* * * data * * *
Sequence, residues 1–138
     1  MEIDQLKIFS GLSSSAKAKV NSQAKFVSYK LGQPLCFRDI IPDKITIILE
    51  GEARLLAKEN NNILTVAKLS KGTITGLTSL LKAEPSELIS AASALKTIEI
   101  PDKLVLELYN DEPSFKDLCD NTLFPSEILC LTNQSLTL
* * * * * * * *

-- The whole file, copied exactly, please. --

Sequence, residues 1–138
     1  MEIDQLKIFS GLSSSAKAKV NSQAKFVSYK LGQPLCFRDI IPDKITIILE
    51  GEARLLAKEN NNILTVAKLS KGTITGLTSL LKAEPSELIS AASALKTIEI
   101  PDKLVLELYN DEPSFKDLCD NTLFPSEILC LTNQSLTL